No. 07-2612-cv.United States Court of Appeals, Second Circuit.
March 18, 2009.
Appeal from a judgment of the United States District Court for the District of Connecticut (Mark R. Kravitz, Judge).
UPON DUE CONSIDERATION, IT IS HEREBY ORDERED, ADJUDGED AND DECREED that the judgment of the district court be, and it hereby is, AFFIRMED.
Ajai Bhatia, pro se.
Daniel R. Schaefer, Assistant Attorney General, for Richard Blumenthal, Attorney General, Hartford, CT, for Appellee.
PRESENT: Hon. ROBERT D. SACK, Hon. B.D. PARKER, Circuit Judges, Hon. TIMOTHY C. STANCEU,[*] Judge.
Ajai Bhatia appeals from a judgment of the United States District Court for the District of Connecticut. The district court granted the defendant’s motion — unopposed by Bhatia — to dismiss this pro se action under 42 U.S.C. § 1983 for failure to state a claim upon which relief can be granted. The court denied a subsequent application by Bhatia to reconsider that ruling. We assume the parties’ and counsel’s familiarity with the facts and procedural history of the case, and the issues presented on appeal.
We review de novo the grant of a motion to dismiss pursuant to Fed.R.Civ.P. 12(b)(6). Chapman v. N.Y. State Div. for Youth, 546 F.3d 230, 235 (2d Cir. 2008).
The district court was correct to dismiss the complaint as pleaded. The named defendant, as a state agency, is not susceptible to liability under section 1983, both because such an agency is not a “person” within the meaning of that statute see Will v. Mich. Dep’t of Police, 491 U.S. 58, 70-71, 109 S.Ct. 2304, 105 L.Ed.2d 45 (1989), and because state agencies are entitled to Eleventh Amendment immunity, see Pennhurst State Sch. Hosp. v. Halderman, 465 U.S. 89, 100, 104 S.Ct. 900, 79 L.Ed.2d 67 (1984).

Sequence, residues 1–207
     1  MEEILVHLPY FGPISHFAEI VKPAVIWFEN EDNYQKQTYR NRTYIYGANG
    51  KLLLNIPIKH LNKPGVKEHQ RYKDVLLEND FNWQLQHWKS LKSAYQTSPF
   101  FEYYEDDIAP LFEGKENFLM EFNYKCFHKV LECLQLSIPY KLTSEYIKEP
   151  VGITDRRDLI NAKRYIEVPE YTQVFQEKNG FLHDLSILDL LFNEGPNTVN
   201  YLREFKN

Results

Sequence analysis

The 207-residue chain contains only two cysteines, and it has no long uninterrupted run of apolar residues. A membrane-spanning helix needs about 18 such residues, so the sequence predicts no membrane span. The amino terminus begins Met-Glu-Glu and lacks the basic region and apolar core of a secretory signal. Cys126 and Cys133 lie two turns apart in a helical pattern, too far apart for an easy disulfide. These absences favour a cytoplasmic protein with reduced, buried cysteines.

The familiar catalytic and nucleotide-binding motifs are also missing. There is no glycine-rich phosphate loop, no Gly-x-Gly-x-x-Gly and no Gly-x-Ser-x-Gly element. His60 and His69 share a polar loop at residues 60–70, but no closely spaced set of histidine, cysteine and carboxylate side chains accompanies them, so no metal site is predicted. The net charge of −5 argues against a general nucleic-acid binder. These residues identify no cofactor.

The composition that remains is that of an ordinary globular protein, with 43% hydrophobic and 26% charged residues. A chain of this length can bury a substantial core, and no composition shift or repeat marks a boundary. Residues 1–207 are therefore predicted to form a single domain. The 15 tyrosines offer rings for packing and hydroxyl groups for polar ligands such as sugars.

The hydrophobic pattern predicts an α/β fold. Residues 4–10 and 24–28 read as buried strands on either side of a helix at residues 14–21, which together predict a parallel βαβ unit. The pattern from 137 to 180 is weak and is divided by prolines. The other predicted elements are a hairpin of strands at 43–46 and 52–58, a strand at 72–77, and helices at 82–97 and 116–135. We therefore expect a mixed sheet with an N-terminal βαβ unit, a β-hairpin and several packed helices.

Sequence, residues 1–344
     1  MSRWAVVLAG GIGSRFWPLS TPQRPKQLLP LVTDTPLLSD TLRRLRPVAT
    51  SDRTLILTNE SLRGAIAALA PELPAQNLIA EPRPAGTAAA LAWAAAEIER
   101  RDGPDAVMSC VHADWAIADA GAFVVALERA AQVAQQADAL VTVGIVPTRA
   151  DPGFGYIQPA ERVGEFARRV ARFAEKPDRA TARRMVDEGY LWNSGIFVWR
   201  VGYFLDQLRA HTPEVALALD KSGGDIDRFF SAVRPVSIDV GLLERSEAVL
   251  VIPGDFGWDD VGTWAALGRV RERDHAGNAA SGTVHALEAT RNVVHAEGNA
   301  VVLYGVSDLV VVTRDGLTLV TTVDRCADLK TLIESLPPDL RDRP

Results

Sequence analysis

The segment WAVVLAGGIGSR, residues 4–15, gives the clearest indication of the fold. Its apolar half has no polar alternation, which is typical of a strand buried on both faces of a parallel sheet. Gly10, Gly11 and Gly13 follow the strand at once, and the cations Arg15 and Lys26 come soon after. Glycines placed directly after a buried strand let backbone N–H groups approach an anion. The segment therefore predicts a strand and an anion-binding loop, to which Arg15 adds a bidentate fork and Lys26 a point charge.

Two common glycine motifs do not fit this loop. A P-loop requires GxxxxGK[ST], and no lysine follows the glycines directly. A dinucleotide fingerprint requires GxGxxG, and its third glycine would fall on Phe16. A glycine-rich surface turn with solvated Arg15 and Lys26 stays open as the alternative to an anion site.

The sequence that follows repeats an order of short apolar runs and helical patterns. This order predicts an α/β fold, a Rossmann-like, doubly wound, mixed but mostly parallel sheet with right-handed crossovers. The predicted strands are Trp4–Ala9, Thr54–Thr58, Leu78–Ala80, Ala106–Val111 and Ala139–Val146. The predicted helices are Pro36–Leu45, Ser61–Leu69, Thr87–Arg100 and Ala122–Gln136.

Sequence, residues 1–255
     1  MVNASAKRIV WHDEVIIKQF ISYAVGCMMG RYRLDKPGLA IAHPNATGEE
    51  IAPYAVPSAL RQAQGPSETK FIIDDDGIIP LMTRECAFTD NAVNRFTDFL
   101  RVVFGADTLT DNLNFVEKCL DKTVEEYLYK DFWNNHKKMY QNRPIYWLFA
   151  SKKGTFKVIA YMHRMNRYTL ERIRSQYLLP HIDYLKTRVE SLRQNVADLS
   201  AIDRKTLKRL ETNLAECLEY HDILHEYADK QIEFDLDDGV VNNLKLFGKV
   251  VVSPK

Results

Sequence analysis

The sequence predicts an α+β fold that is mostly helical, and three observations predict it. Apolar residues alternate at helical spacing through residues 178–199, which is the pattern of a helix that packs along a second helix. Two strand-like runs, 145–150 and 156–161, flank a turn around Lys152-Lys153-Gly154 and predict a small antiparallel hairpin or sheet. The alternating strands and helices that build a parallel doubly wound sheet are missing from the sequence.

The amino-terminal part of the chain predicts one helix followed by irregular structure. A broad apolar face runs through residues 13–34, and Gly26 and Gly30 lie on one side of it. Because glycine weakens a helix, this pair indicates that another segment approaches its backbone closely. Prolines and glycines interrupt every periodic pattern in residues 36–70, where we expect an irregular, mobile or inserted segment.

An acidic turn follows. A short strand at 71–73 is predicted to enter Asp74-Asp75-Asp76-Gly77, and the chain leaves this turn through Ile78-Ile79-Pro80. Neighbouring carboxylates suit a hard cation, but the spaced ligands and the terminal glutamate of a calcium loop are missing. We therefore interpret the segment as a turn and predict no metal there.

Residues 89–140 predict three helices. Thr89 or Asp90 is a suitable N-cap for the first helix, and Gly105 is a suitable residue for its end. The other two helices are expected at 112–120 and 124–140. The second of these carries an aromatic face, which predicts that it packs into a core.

Even construing the complaint liberally to identify individual officers as defendants, we would still conclude that the defendants were immune because the complaint does not seek “an injunction that governs the official’s future conduct.”Id. at 102-03, 104 S.Ct. 900. Rather, it asks for damages and an injunction requiring the defendant to supply the plaintiff with a written apology.
Moreover, Bhatia’s claims for failure to investigate, false arrest, malicious prosecution, and invasion of privacy are barred by Connecticut’s three-year statute of limitations for a § 1983 action. See Conn. Gen. Stat. § 52-577 Walker v. Jastremski, 430 F.3d 560, 562 (2d Cir. 2005) cert. denied, 547 U.S. 1101, 126 S.Ct. 1887, 164 L.Ed.2d 573 (2006). Those claims are based on acts that occurred prior to December 2001 — Bhatia did not file his complaint until November 2006.
For the foregoing reasons, the judgment of the district court is hereby AFFIRMED.